With some trepidation, I opened up the controller and examined the keypad mat and the contacts on the circuit board. The contacts on both were wiped with a dry cotton bud. This may have solved the problem because now the controller is again functioning  normally.

Although the problem now appears to be rectified, it highlighted a vulnerability in the operation of Philip's Creek. Without the flexibility of a reliable wireless controller, a significant element of the layout is difficult or impossible to reach. Both staging areas (opposite) can be reached with difficulty if the Powercab is passed underneath the baseboard but the Kingston Plains branch line (below) is inaccessible.


This means I need some redundancy, specifically another wireless controller. A second Cab06 is the obvious choice but, over the years, I have found the controller to be very basic and I miss the functions available on the Powercab. Although it costs significantly more, I'll probably target a Procab R, the wireless version of the Procab controller.




Of course, the DCC system as a whole is also a vulnerability. In the days of DC, over time, I accumulated several power packs and even more controllers, but after the conversion to DCC, the Powercab has been the core of the system. It is now 10 years old and has performed well over that time. Hopefully, it will continue to do so but, if it doesn't, operation of Philip's Creek will come to a grinding halt until a replacement can be sourced. Alternately, I may investigate the NCE booster option but this will have to wait finances recover from the Procab purchase.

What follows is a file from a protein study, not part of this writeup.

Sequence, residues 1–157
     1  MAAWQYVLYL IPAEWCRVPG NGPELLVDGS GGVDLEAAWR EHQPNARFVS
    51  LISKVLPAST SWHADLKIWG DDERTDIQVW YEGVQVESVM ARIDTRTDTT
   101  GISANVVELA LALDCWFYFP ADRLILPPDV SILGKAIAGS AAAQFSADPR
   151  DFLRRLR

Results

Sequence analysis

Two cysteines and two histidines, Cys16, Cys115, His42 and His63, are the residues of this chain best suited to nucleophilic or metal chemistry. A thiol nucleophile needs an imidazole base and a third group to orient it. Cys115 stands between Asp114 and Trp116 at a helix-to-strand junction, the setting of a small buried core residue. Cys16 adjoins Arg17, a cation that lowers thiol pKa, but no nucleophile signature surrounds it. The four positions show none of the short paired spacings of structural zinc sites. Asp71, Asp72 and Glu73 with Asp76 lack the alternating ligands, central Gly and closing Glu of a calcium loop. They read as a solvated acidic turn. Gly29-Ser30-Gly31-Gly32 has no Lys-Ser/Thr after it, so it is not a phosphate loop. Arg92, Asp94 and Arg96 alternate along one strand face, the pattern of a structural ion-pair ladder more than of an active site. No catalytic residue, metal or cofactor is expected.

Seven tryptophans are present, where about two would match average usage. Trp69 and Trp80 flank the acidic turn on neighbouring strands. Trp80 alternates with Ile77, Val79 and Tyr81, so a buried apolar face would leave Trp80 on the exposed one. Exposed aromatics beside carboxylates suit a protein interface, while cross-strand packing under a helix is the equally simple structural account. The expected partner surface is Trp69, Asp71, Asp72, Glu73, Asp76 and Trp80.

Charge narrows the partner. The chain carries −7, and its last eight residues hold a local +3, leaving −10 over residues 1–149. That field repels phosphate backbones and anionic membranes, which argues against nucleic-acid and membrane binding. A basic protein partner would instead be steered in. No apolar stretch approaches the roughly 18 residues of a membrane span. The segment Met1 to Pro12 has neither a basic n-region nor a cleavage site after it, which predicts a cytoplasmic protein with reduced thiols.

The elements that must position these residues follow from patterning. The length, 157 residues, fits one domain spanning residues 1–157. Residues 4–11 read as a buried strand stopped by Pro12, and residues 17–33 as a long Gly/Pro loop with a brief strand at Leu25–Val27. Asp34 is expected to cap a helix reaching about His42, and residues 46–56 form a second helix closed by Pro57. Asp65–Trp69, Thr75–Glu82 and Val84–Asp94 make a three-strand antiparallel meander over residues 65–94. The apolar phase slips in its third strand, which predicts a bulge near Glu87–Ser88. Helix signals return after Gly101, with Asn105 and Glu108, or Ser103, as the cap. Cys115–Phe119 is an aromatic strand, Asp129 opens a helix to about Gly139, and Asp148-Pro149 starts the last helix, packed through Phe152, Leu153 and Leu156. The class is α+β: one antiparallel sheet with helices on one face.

In the meantime, it's back to 'business as usual' albeit now with my fingers crossed.








Monday, 16 December 2019

What's in a name?


One of the features of a prototypical layout is that you have some flexibility about the names of locations and businesses that form part of the scenery. Frequently, such prototypical modellers choose a scenario where an alternate history envisages an additional railway line built to actual locations within NSW. I have probably gone a bit further, inventing fictitious locations in a general area of the state, in my case the upper Hunter Valley. The consequence of this is that location names as well as fictitious businesses needed to be generated and this post describes the story behind why some names were chosen.